Some of the common symptoms for joint and hip problems in dogs of all ages include:
- Difficulty trying to sit down or stand up
- Struggling to jump into the car
- Limping Favoring a leg
- Lifting a limb in the air
- Swollen joints
- An audible popping or cracking in the hips
Some of the above are a natural part of growing and aging, but they shouldn’t be ignored. And if you have any concerns about your dog’s health, we recommend going to see a vet.
“Any age can be affected, any breed can suffer from this eventually crippling disease,” says Dr. Cruz. “If you have any suspicion that something is off, don’t deny what you are seeing. Make an appointment to see your veterinarian sooner than later.”
Osteoarthritis or Degenerative Joint Disease (DJD) is the most common form of arthritis in dogs. The condition is primarily seen in large breed dogs, though even pint-sized purse pooches can suffer.
Another leading cause of hip and joint pain in certain breeds of all ages is hip dysplasia, a genetic trait (diagnosed by x-ray) affecting the depth of the hip socket. When a dog is born with hip dysplasia, the ill-fitting femur bone rubs against the shallow hip socket, eventually leading to arthritis.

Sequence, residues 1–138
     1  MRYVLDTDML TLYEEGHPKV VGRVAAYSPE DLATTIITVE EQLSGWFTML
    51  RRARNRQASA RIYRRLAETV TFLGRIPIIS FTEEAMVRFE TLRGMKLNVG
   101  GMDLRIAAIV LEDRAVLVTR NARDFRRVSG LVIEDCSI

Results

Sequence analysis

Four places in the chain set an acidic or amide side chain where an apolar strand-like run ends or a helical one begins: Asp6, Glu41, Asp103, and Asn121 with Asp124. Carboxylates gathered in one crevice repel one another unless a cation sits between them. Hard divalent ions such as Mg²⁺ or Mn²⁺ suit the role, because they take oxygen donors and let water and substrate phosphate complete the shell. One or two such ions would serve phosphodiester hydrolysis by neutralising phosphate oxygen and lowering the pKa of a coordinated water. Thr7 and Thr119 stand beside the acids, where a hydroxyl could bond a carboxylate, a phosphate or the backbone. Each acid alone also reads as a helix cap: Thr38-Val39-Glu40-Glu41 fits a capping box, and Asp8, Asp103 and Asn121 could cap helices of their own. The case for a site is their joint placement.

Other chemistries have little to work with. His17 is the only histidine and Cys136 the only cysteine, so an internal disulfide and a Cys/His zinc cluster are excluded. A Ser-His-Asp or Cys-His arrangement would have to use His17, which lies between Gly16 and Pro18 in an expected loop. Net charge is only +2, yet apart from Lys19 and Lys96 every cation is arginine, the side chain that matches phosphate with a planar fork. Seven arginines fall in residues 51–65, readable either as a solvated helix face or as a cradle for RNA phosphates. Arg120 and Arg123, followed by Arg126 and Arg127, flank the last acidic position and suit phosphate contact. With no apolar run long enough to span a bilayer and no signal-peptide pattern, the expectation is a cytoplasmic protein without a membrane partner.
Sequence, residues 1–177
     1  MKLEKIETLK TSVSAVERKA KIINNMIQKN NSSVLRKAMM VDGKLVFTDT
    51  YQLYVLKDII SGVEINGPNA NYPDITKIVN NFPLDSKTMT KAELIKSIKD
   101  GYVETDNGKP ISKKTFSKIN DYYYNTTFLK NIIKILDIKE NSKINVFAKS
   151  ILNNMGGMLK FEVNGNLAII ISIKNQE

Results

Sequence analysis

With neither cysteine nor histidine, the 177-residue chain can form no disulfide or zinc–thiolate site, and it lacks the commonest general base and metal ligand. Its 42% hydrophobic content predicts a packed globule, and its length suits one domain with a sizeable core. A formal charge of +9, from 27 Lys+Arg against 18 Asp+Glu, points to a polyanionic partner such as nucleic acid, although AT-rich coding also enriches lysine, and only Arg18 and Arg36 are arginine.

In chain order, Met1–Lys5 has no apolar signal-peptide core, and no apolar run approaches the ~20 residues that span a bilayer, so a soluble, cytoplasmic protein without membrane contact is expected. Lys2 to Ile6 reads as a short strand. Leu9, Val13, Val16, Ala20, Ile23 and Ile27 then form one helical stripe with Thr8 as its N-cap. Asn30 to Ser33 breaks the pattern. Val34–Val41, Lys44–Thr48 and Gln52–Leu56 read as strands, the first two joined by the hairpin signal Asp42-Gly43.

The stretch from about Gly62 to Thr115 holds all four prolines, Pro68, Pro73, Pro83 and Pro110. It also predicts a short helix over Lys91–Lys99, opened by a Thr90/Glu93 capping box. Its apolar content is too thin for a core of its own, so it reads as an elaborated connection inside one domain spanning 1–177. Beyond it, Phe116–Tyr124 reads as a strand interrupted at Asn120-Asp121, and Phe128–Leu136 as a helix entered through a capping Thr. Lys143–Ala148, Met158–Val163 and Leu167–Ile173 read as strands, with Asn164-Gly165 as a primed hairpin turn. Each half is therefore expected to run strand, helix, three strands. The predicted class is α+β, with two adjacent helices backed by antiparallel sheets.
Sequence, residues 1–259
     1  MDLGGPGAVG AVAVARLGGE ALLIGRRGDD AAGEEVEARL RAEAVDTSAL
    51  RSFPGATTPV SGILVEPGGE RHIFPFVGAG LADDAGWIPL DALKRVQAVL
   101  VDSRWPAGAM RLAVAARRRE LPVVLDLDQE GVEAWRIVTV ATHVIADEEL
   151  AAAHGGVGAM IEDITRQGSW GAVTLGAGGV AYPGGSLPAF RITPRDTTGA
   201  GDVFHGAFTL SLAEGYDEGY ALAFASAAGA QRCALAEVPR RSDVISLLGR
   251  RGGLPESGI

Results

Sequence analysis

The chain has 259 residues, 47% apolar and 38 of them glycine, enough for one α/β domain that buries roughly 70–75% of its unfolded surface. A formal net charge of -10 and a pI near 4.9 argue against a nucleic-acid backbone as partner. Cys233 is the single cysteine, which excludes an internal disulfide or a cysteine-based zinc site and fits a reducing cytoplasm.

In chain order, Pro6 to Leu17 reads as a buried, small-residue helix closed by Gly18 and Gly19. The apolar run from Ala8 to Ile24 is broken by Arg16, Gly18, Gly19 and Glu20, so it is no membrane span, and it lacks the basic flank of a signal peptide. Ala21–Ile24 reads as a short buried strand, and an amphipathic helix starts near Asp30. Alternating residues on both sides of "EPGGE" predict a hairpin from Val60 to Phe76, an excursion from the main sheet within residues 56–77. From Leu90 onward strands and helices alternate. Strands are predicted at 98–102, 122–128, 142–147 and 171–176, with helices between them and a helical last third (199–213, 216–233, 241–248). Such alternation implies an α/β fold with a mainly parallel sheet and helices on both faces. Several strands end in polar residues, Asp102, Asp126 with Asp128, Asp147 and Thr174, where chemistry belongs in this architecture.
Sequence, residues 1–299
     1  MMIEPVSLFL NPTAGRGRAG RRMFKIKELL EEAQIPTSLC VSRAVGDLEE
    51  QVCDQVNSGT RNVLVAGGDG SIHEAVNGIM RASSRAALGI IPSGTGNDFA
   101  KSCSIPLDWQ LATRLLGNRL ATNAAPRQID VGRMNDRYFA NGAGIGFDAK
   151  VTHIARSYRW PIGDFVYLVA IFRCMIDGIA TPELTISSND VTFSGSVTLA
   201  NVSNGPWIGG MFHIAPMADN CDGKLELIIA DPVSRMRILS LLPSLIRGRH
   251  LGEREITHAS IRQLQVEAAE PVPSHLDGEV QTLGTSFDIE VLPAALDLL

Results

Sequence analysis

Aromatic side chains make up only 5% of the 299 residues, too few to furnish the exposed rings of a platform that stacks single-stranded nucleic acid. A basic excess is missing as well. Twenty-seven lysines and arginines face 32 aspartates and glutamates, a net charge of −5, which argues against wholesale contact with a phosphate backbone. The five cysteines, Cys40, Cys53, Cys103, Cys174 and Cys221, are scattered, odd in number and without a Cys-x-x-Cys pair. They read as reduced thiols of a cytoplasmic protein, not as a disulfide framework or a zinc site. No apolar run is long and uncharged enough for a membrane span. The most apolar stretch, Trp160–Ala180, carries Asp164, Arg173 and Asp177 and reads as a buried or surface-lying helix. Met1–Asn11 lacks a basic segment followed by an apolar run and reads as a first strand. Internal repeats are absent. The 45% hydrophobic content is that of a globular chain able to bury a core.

The weight of the matter
While a chubby Buddha belly may seem perfect for rubbing, it puts a lot of unwanted stress on doggy’s body and his limbs. In fact, both of the above mentioned conditions and other joint diseases are often exacerbated by unhealthy weight.
“Too many people equate giving food as giving love,” notes Cruz. “We have gotten accustomed to supersizing our meals and our pets. Excessive weight puts unnecessary strain on joints, mechanically making it difficult to move.”
Dr. Cruz also cites recent research showing that the fat within the abdominal cavity produces pro-inflammatory chemicals. That inflammation affects all body systems, especially the joints.
Even the skinniest whippet, by the way, could be hit with a degenerative joint disease. Some of it comes down to genetics and breed, other times it’s simply bad luck.
How to choose his chews
Not just any pet supplement is good enough for your fur baby, but with so many brands available, it can be tough to choose the best hip and joint supplement for your dog.